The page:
ABU DHABI (Reuters) - Top world oil exporter Saudi Arabia vowed on Sunday to maintain a cushion of spare supplies of up to 2 million barrels per day (bpd) to meet future demand growth.
"There is no shortage of oil, and there will be no shortage of oil, and we are willing to meet demand as it rises," Saudi Oil Minister Ali al-Naimi told reporters ahead of an oil exhibition in the United Arab Emirates.
The highest petroleum demand growth in a generation has put pressure on OPEC countries to increase production capacity.
The 11-member Organisation of the Petroleum Exporting Countries is stretching pumping rates beyond 30 million bpd, a 25-year high, and only Saudi Arabia has production to spare.
The oil minister said Riyadh is now producing 9.5 million bpd and could pump an extra 1.5 million immediately if customers asked for more oil.
"We plan to maintain spare capacity of 1.5-2 million barrels a day for the foreseeable future. We are ahead of demand, capacity-wise, by 1.5 million barrels per day."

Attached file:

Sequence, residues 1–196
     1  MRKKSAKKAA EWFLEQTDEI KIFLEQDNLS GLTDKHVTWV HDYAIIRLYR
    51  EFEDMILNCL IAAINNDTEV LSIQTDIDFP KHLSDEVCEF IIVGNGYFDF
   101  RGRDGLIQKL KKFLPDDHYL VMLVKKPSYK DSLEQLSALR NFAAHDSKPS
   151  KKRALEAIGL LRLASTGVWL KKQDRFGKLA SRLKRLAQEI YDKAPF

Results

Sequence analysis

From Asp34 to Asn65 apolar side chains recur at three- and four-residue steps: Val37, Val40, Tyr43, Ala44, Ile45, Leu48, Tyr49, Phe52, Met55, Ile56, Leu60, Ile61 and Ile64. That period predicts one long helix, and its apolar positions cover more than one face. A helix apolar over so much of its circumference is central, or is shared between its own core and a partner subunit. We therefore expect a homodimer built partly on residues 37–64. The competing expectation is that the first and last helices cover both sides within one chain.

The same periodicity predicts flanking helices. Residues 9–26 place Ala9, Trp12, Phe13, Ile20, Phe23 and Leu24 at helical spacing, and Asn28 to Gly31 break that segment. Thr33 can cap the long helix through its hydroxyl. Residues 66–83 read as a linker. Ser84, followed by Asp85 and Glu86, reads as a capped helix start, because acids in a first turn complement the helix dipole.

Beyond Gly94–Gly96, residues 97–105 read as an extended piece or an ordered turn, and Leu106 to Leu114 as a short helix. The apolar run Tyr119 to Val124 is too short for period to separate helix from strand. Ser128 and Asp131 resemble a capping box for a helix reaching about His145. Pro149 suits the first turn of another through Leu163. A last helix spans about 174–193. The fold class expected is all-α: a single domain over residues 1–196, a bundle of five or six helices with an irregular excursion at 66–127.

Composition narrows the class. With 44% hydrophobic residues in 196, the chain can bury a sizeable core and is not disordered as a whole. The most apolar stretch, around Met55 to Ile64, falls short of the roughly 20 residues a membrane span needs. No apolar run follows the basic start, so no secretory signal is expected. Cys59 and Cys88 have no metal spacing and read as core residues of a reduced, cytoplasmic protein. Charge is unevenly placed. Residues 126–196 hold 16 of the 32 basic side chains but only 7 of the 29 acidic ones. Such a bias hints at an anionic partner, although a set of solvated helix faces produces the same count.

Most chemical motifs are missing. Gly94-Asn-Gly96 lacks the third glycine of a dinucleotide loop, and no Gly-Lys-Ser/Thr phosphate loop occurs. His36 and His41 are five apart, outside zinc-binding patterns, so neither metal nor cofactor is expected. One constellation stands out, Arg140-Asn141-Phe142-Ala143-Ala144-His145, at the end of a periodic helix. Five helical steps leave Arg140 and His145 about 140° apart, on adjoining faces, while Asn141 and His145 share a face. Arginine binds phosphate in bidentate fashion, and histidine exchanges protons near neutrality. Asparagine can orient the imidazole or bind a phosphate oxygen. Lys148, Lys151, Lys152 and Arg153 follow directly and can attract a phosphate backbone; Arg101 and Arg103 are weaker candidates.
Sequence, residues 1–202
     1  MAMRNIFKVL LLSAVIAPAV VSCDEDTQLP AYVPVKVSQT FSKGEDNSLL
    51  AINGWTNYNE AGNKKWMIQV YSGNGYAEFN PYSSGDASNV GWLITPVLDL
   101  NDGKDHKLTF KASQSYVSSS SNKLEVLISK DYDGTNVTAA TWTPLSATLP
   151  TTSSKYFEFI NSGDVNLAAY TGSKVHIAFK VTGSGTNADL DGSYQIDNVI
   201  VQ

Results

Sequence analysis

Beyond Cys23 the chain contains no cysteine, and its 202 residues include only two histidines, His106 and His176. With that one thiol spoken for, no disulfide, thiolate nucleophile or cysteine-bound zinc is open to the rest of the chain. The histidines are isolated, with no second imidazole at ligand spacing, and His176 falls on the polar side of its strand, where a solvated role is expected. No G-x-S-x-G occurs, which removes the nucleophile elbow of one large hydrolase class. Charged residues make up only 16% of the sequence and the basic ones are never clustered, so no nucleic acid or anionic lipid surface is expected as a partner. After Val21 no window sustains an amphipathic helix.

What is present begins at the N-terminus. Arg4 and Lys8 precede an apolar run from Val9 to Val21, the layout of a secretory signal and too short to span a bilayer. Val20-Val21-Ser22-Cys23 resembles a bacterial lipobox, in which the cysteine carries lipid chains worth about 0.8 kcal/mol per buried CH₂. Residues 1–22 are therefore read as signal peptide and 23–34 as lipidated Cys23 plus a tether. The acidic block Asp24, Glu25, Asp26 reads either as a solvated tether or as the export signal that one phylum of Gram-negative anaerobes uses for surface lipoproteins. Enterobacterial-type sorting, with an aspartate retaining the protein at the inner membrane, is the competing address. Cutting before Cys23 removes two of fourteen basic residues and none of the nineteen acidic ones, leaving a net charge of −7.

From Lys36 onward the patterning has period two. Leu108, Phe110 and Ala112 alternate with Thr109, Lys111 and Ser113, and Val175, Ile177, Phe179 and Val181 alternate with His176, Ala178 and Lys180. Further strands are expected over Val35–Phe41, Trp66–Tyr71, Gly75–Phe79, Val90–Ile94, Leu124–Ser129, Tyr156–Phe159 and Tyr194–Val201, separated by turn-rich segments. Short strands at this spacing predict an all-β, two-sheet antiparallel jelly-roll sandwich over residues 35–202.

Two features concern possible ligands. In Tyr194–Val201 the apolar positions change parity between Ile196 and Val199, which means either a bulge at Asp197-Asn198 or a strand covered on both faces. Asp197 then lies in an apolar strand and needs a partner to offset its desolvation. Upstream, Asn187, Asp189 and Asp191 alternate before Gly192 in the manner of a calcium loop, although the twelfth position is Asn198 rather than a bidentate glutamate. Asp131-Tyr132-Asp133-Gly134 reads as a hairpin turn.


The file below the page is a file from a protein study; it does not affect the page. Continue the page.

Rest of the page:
Oil's recent surge beyond $50 has prompted Riyadh to hoist its official production capacity by 500,000 bpd to 11 million bpd, with most of the new increment in light crude.
An "intensified drilling programme" drove the expansion, said Naimi.
On the drawing board
There are plans on the drawing board to expand production capacity beyond 11 million, but they will be carried out only when warranted by higher demand, he said.
"We have planned and programmed to increase capacity as required at the appropriate time," Naimi said.
"We have the know-how, the capital and the manpower to execute these projects," said the Saudi oil minister. "It's all a question of timing. We know which fields and reservoirs, and we have the ability and willingness to do it."
He listed the oilfields that could add an extra 2.2 million bpd of light crude to Saudi Arabia's existing 11 million bpd capacity.
The Shaybah oilfield could pump an extra 200,000-500,000 bpd of Arab Extra Light crude, he said.
Abu Hadriya, Khursaniya and al-Fadhli fields together could add another 500,000 bpd of Arab Light, and the Khurais field could pump 1.2 million bpd of Arab Light, he added.
Naimi said that if the kingdom needed to boost capacity beyond 13 million bpd, it could add another 1 million bpd of heavy crude from the Moneefa field.
The Saudi oil minister also called on global consumers to upgrade their refining capacity to better handle the additional sour crude oil being pumped by the kingdom.
"Refiners do not have adequate conversion capacity," he said. "Consuming nations need to build sophisticated units" to process sour crude oil.